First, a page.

Thus when “Big Business has refused to reinvest substantially” or, as Bocchi puts it, when politically-connected economic elites and corporate conglomerates in the Philippines find it convenient to not invest or invest only a portion of its revenues in-country, while sending considerable portions offshore, the consequence is slower economic growth in the country and less inclusive than it could potentially be.
I think I have had another occasion to reflect on the Philippine puzzle in a fairly recent response to a comment in FV in this fashion:
. . . why some nations have fared better than others in developing the institutions of capitalism, the late American political scientist Samuel P. Huntington . . . has pointed, among other things, to the “lack of national unity and the failure of dominant immigrant minorities (e.g., the Chinese Diaspora in the Philippines) to assimilate” and in the absence of such unity and assimilation, “there generally is no development of a legally, economically and politically empowered civil society concerned with the welfare of the entire nation and all its people.”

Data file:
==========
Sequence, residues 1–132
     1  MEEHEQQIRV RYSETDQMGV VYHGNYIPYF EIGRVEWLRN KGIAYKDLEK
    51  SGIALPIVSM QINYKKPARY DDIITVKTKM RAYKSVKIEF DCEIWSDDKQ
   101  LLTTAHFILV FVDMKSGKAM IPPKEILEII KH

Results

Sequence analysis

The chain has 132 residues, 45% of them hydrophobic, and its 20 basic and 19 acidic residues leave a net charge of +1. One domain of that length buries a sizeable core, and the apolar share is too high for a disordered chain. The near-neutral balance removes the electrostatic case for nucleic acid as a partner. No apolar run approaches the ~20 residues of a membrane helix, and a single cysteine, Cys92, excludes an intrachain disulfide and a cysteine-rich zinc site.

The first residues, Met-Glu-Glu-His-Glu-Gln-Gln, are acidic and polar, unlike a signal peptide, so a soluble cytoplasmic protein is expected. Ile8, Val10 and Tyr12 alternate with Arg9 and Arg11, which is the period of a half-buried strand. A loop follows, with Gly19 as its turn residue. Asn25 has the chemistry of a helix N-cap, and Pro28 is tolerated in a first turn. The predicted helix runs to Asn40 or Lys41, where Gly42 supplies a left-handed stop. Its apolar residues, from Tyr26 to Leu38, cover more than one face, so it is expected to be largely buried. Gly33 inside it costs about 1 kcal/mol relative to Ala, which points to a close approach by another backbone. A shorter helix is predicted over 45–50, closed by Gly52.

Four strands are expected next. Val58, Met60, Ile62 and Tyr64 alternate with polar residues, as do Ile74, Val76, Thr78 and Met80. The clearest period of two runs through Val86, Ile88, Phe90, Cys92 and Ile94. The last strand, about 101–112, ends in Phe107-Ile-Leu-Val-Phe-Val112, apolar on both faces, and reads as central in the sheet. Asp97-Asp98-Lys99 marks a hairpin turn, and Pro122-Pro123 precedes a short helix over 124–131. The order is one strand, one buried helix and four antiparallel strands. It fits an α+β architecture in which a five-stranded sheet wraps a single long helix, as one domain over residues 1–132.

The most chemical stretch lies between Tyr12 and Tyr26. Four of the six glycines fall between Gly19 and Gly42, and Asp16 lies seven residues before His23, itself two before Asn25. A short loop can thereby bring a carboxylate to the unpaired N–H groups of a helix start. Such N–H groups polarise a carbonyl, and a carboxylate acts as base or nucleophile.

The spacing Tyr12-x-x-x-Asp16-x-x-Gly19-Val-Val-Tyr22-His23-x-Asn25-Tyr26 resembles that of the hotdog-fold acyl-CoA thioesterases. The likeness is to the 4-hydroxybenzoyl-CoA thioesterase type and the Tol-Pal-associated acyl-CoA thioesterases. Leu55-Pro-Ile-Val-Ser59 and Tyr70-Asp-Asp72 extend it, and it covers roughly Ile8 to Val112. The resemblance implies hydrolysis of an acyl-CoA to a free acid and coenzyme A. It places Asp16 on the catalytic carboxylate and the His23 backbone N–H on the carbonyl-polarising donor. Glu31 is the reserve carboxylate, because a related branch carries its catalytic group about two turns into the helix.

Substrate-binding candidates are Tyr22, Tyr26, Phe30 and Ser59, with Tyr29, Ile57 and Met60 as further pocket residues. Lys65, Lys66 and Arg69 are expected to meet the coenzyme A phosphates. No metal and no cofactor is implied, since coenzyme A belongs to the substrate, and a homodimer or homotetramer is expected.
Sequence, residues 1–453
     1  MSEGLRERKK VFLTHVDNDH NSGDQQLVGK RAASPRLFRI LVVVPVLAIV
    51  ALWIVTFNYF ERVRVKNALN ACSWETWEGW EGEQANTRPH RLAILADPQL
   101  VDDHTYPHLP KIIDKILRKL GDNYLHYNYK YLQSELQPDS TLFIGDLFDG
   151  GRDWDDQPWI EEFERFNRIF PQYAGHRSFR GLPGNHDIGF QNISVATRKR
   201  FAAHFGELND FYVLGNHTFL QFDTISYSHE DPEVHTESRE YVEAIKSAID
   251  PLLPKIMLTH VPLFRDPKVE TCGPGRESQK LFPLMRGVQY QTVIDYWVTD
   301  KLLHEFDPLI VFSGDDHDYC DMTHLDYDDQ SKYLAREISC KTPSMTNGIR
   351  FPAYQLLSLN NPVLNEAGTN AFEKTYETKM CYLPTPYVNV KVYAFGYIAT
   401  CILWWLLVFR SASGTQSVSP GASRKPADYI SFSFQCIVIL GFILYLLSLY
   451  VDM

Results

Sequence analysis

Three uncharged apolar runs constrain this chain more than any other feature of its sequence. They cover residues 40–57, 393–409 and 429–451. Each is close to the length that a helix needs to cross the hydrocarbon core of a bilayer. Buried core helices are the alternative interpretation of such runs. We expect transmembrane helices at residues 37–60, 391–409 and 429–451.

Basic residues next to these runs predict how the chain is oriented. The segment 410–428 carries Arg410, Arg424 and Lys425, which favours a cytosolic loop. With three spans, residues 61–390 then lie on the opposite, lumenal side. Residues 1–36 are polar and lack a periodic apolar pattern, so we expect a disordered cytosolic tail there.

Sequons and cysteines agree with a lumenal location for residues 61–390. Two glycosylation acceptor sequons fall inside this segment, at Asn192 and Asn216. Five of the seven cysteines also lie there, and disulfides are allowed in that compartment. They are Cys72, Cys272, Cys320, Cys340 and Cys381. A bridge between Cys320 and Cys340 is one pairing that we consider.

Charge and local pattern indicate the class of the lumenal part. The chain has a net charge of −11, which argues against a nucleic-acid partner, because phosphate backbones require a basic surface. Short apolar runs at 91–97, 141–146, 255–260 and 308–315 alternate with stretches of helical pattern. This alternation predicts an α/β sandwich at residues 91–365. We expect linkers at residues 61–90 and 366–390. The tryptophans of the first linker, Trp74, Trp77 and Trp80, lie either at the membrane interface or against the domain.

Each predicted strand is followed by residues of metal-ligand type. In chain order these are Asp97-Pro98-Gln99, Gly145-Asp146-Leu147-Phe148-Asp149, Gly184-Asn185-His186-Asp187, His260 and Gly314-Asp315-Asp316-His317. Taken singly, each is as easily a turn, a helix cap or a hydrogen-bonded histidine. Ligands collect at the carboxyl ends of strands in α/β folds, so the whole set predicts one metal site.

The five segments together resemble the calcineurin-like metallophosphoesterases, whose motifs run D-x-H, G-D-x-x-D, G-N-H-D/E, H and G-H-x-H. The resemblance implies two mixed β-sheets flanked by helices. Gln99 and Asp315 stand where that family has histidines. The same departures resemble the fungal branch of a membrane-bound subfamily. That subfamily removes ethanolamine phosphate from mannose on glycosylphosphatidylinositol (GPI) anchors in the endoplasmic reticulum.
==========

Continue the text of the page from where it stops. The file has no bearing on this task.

Citing liberal economist Jeffrey Sachs, Huntington also referred to “obstructive elites” whose interests are “vested in traditional conditions,” and “resist institutionalization of rule of law legal systems, norms of social mobility, and capitalist markets – all of which threaten their elite status.”
These insights are interesting if juxtaposed with benignO’s lavish adulation of the market dominant Filipino-Chinese community which he seems to characterize, quite naively, as homogeneous.
But here’s what Clinton Palanca, an Oxford postgraduate tsinoy, wrote on this score:
“The ideal of the ethnic Chinese who is integrated and thinks of himself or herself as Filipino while retaining Chinese cultural identity does exist, but so does the bigot who sees Filipinos as inferior and adopts a ‘sojourner’ mentality and an instrumental attitude toward the Philippine economy. These two figures form the endpoints of a spectrum along which the Chinese in the Philippines are ranged.”